Another Samizdat podcast in which we play some Stax records and talk some nonsense.

Vodpod videos no longer available.

1st collector for Samizdat | the Stax edition
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Track list:

1. Booker T and the MGs – Green onions

2. Jean Knight – Mr big stuff

3. Albert King – Born under a bad sign

4. Otis Redding – (Sittin’ on) the dock of the bay

5. William Bell – I forgot to be your lover

6. The Staple Singers – I’ll take you there

You can follow us on Twitter @samizdat_ed

 

Can’t touch this

Radiohead released their eighth album, The King of Limbs, last week to, surprise surprise, widespread critical acclaim. “A challenging album, difficult to review, but beautiful and interesting”, was the general consensus. Hmmmn. Forgive me, but should an album really be difficult to review? I mean, I’d struggle to review The Saturdays’ album because, you know, it’s probably total shit, and even if it’s not, it’s music-box-churned-out-pop-dirge. Not music I listen to, not in a lucid state anyway. Besides which, an album should be fairly easily gradable on some arbitrary scale. But this is not a review, it’s a critique. Of the critics.

I’ve been a big fan of Radiohead for many a year. In fact, when people ask me who

Red trousers. photo: David Sh.

my favourite band are I will often refer them to the Oxford quintet. I even loved The Eraser, and I think Kid A is a near-perfect record. But I’m losing patience.

Sure, Limbs is a half-decent record. It’s gone some nice trademark tinkly bits, some catchy bass riffs, a smattering of Selway’s jazz infused drumming. I’m not saying it’s a bad record by any stretch. The problem is, Radiohead haven’t put out anything truly groundbreaking since 2001. And they shouldn’t have to, either – they’re great songwriters and fine musicians. However, when they put out a fairly average album, it ought to be treated as such.

It seems the only other person who noticed this is Barbara Ellen (ahhhhh, Barbara) in The Observer. Perceptive, she is, delightfully describing Radiohead’s sound as “like drunks tripping over Jean Michel Jarre’s dustbins”. But it’s not Radiohead’s problem. They’re now so revered, held on some music-royalty pedestal way above their contemporaries that their next record could just be Thom Yorke falling on top of a vocoder whilst playing glockenspiel with his penis, accompanied by Johnny Greenwood crying onto an infant’s face, and the crits would love it. “Ohhhhhh, once again Radiohead push the boundaries of ‘music’.” Actually, that does sound like a fairly interesting record, but the point stands.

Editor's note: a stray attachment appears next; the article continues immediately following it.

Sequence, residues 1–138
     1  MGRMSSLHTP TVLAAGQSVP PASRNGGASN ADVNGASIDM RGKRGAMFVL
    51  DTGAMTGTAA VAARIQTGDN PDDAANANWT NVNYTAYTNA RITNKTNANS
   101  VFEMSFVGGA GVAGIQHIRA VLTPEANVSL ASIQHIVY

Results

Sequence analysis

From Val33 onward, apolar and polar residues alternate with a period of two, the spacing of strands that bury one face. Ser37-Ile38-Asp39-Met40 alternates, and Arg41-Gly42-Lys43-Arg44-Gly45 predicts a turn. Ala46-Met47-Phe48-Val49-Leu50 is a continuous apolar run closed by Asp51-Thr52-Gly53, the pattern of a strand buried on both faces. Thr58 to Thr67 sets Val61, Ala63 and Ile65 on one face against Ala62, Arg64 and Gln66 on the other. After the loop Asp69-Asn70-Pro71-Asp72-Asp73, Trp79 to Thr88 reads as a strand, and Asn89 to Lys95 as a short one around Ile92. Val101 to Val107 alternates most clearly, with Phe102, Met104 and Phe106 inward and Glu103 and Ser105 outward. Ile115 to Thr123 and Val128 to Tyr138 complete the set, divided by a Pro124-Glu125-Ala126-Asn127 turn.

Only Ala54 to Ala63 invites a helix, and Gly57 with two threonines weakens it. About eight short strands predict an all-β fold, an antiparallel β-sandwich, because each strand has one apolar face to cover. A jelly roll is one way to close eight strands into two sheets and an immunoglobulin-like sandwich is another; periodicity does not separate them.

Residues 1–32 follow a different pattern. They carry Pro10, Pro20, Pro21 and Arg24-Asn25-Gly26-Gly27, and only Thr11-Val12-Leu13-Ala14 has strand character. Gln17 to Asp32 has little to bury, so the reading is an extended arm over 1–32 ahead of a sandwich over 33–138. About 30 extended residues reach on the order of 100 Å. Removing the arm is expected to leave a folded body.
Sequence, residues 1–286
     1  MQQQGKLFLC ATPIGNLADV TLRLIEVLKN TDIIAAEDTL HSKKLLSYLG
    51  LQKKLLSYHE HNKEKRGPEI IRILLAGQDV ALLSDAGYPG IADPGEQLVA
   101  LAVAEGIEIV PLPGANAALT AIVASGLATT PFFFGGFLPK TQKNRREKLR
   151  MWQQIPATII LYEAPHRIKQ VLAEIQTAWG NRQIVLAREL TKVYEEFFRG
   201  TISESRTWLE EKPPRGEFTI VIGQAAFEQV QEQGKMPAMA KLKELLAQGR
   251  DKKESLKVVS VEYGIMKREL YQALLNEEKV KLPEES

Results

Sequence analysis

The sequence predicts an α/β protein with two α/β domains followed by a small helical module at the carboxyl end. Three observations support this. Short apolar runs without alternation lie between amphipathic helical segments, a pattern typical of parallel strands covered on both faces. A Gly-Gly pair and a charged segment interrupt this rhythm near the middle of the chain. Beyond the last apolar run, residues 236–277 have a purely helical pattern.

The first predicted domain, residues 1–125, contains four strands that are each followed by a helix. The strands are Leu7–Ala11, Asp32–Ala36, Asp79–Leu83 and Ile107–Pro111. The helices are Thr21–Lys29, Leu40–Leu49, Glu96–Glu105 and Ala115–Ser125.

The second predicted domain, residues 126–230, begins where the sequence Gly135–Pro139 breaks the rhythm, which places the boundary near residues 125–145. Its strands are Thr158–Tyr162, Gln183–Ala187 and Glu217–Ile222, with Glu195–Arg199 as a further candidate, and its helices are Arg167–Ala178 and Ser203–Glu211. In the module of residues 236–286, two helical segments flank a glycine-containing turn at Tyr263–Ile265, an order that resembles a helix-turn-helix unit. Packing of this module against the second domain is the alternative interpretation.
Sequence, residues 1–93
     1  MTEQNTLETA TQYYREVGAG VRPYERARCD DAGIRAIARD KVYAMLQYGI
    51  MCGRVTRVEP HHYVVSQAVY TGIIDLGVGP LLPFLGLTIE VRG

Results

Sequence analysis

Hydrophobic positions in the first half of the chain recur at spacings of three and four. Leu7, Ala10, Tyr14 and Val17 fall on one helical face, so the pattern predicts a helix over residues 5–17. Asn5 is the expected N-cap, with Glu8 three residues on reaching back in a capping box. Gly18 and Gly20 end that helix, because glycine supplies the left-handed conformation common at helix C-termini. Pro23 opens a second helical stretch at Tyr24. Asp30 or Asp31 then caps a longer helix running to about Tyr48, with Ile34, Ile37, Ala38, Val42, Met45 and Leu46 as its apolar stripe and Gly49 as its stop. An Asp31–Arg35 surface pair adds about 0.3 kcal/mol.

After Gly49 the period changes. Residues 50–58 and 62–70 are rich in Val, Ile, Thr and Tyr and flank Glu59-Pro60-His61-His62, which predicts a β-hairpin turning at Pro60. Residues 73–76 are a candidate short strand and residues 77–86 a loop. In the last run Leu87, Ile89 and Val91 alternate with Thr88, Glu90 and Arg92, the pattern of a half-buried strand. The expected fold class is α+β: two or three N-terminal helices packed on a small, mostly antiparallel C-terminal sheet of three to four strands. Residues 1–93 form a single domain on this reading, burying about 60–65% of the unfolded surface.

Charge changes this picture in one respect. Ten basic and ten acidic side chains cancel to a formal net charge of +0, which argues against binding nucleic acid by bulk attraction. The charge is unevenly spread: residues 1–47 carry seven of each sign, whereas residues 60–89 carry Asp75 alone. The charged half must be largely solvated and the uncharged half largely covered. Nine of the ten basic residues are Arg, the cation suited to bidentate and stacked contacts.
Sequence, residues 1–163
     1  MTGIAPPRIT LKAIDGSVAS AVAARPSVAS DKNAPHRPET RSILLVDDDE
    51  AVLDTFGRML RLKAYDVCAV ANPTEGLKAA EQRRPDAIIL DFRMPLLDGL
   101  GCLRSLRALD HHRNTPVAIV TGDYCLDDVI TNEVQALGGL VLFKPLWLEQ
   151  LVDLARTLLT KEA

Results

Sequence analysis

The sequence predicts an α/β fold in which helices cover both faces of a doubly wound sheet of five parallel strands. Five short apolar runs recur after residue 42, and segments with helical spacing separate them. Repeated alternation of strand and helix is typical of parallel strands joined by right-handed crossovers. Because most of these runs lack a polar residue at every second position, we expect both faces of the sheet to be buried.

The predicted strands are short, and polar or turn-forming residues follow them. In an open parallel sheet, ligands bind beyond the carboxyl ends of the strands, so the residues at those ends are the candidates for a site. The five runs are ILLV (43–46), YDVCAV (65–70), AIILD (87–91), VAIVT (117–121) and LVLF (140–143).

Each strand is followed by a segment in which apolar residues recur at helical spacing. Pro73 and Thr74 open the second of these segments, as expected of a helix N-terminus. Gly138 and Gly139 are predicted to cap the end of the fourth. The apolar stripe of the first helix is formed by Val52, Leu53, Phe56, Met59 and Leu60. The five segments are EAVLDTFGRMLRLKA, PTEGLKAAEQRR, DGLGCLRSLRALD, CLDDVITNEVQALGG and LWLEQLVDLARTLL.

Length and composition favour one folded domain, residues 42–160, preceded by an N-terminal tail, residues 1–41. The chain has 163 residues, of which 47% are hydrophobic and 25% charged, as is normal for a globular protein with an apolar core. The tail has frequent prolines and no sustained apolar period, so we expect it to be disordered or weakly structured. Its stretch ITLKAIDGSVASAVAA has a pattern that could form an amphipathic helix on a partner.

It’s the old adage, “Man, you just don’t get it.” Well, Yorke, I do get it. You’re just not as good as you used to be.

*I’d like to point out that I thought of this article about a week ago but I was too lazy to write it. Then Babs wrote hers, and it seems like I stole her idea. I didn’t. Besides, we were all thinking it anyway.

You can follow Neal Wallace on Twitter @nealjwallace

Podcast – Go folk yourself

Vodpod videos no longer available.

 

Us talking some rubbish about folk music that we like.

Track list:

1. Lal & Mike Waterson – Bright Phoebus

2. Billy Bragg & Wilco – Ingrid Bergman

3. James Yorkston and the Athletes – Shipwreckers

4. Horse Feathers – This bed

5. Anais Mitchell ft. Greg Brown – Why we build the wall

6. Villagers – Meaning of the ritual

Follow us on Twitter @samizdat_ed

Podcast – Go folk yourself

Us talking some rubbish about folk music that we like.

Track list:

1. Lal & Mike Waterson – Bright Phoebus

2. Billy Bragg & Wilco – Ingrid Bergman

3. James Yorkston and the Athletes – Shipwreckers

4. Horse Feathers – This bed

5. Anais Mitchell ft. Greg Brown – Why we build the wall

6. Villagers – Meaning of the ritual

Follow us on Twitter @samizdat_ed